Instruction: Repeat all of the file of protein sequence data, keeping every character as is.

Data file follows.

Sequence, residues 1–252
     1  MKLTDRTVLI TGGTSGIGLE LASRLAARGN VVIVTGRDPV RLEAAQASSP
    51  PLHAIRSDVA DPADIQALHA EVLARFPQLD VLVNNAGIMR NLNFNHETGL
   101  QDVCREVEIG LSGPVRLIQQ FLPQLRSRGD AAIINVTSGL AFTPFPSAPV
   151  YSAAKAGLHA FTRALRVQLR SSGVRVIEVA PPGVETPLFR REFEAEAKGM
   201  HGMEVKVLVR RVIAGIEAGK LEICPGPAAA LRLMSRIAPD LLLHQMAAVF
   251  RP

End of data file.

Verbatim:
Sequence, residues 1–252
     1  MKLTDRTVLI TGGTSGIGLE LASRLAARGN VVIVTGRDPV RLEAAQASSP
    51  PLHAIRSDVA DPADIQALHA EVLARFPQLD VLVNNAGIMR NLNFNHETGL
   101  QDVCREVEIG LSGPVRLIQQ FLPQLRSRGD AAIINVTSGL AFTPFPSAPV
   151  YSAAKAGLHA FTRALRVQLR SSGVRVIEVA PPGVETPLFR REFEAEAKGM
   201  HGMEVKVLVR RVIAGIEAGK LEICPGPAAA LRLMSRIAPD LLLHQMAAVF
   251  RP